Further background about me will also help. I am a Severe Weather Spotter and a member of SKYWARN network for the County where I live. I have been fishing in Wisconsin since 1964 ( age 4 ) and lived most of my life in south-east Wisconsin . Milwaukee suburbs, as well as Washington and Ozaukee counties. I have one Line Class catch - and - Release World Record (National Fresh Water Fishing Hall-of -Fame, Hayward Wis.) for a Brown Trout caught on 2lb test on Lake Geneva...one of my favorite Smallmouth Bass haunts. I fish anything from small ponds to the Great Lakes...from shore and a boat ( 16 foot deep vee ). I love Panfishing, Bass Fishing, Trout and Salmon Fishing...well, just about all types of fishing! Through good times and bad...Fishing has been the one constant in my life that has kept me balanced. I have included a picture of the 4 fish in the story below, taken with my Digital Camera by my nephew.
First week of December was an interesting time. Big waves on Lake Michigan due to strong 15 to 35 knot winds from the southwest...which kept temps above the norm but made casting a little tricky from the location I had chosen. I like to fish the northern side of the main harbor channel. The entrance to the harbor is shallow, but as you move inland drops to over 30 feet in depth. I usually hang 2 lines with live bait. One on a slip bobber set to about 6 feet down with a minnow. The other about 2 feet above the bottom with a nightcrawler. I cast my 3rd line with a variaty of baits...spoons...spinners...plugs, depending on conditions. My Nephew Mike was with me on this trip, fishing with my Uglystick with 20lb mono...a minnow under a slip bobber, his medium action all around rod with 30lb/8lb diameter Spider Wire fishing just above bottom with a crawler, and casting his ultra-light with 15lb/6lb diameter Spider Wire. My nephew loves the durability of the Spider Wire...and the low memory. At the very end of my very first cast...as I was lifting the 3/8 oz red and gold Little Cleo out of the water I had an explosive strike on the lure...one which happened at the surface...and continued to the center of the channel. My nephew at first thought the fish had merely jumped directly beneath my feet...which were dangling over the water as I sat on the edge of the wall, but the bend in the rod told him otherwise. I shouted my typical "HEY MIKE" and and he responded " Yeah, I know". It took about 20 minutes, and 3 netting attempts to land the first fish of the day..a rare 6lb Atlantic Salmon...I have caught only 5 or 6 of these in over 25 years of fishing Lake Michigan...and it took a minute and some conversation with my nephew for me to figure what it was. Pound for pound I think an Atlantic outfights a Chinook...and definatly puts on a real show. Well...thats one I said. The strong winds from the west had the harbor choppy and the water murky...with about a foot of surface clarity. I feel the water a few feet down was much clearer, but with the murky surface layer light penetration was minimul. Up to that strike, i was unsure if I should use the easier to cast spoons, or deep diving plugs with rattles. Spoons it is. Over the next six hours, I caught ( besides the Atlantic Salmon) a 7 lb German Brown Trout, then a 7 1/2 lb Rainbow Trout...both quite a distance from shore...about mid retrieve, and finally a 9 1/2 lb German Brown which also hit at point blank range as I was lifting the lure from the water. We decided to call it quits...the temperature was dropping, my nephew had missed a hit on minnow and one on spoon that he had on for just about a second. My Nephew had been fishing the weekends there with me for a few weeks, and had seen that when I " Lightened up" in the gear I caught fish...repeatedly...consistantly.. This caused him to purchace his own ultralight outfit. There seems to be some correlation between the lure action and using mono or superline which we will continue to study in action. The 30 lbs of fish caught that day translated into meals for friends and family ( I LOVE to cook) and as gifts. This is my first Holiday Season between jobs, and my last job required so much time that I have used the time off to re-learn how to live again...I will be working again before long, but for now I intend to enjoy the Winter Fishing Season while I can. I may choose to enter some Fishing Tournaments in 2006, see if I can play with the "Big Boys" or not. Until then, maybe you will see me at the Lakefront...somewhere between Kenosha and Port Washington.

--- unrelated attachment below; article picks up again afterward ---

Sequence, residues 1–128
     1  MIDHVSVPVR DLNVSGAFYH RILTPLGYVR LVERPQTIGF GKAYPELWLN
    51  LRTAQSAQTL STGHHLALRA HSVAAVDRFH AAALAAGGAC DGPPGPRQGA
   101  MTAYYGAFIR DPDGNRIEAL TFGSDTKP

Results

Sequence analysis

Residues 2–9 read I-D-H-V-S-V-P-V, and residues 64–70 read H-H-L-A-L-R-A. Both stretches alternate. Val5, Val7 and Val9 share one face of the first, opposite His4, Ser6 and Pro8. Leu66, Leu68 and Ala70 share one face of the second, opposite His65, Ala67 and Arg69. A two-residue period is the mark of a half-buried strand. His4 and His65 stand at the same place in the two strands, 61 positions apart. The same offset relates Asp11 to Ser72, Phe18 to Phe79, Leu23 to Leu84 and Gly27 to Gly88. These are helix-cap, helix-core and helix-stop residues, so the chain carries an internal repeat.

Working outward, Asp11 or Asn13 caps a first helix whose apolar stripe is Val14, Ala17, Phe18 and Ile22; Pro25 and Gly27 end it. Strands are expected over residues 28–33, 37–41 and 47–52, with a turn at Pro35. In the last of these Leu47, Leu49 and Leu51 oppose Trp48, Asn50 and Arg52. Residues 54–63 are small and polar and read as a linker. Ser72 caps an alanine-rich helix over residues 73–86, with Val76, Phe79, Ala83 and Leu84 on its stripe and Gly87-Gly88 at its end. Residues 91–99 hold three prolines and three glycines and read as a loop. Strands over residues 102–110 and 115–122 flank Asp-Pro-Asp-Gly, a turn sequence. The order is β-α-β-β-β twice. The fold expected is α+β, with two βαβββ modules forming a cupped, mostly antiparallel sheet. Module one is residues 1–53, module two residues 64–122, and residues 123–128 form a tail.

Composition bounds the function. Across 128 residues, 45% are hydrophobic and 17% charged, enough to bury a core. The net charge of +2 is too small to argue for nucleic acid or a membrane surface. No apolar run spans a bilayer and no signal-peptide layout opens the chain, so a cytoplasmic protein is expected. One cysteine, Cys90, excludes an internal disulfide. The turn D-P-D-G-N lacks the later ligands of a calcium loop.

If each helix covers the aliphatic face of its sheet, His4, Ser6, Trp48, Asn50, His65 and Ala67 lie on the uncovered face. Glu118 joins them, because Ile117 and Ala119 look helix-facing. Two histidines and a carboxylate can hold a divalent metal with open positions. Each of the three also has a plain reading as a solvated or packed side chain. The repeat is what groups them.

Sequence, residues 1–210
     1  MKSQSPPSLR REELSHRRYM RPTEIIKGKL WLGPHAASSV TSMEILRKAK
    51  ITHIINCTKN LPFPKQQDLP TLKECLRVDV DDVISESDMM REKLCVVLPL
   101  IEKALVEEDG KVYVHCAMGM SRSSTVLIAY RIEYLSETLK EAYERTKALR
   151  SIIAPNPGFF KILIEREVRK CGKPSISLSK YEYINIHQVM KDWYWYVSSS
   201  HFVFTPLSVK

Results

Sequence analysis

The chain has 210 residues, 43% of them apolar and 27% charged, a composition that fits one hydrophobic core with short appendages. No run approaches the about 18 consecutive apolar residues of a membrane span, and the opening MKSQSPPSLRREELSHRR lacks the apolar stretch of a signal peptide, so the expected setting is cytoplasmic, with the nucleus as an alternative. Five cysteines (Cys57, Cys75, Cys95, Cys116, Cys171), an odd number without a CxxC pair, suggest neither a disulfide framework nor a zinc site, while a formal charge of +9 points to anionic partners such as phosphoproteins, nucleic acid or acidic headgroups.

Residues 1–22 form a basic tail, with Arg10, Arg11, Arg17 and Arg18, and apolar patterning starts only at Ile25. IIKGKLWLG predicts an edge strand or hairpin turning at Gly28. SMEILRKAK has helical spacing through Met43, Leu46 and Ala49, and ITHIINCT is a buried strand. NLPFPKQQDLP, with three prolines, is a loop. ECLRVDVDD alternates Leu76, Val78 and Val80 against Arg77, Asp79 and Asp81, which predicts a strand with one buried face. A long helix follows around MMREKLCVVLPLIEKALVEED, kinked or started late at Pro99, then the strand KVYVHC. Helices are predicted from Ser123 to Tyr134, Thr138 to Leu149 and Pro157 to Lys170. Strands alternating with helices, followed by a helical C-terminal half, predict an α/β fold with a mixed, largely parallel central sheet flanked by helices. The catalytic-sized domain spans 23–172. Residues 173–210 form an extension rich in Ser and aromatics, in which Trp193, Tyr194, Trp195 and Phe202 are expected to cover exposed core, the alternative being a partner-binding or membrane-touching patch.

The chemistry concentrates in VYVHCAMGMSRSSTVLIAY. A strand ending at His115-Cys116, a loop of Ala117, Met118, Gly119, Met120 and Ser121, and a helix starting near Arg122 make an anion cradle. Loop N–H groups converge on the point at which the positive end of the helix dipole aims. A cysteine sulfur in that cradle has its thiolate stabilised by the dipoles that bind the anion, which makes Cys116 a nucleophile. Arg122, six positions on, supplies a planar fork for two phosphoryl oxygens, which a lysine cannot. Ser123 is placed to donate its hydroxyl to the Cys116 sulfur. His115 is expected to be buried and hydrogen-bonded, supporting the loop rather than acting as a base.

David A. T. Simon
Wisconsin Fishing Story by, David A. T. Simon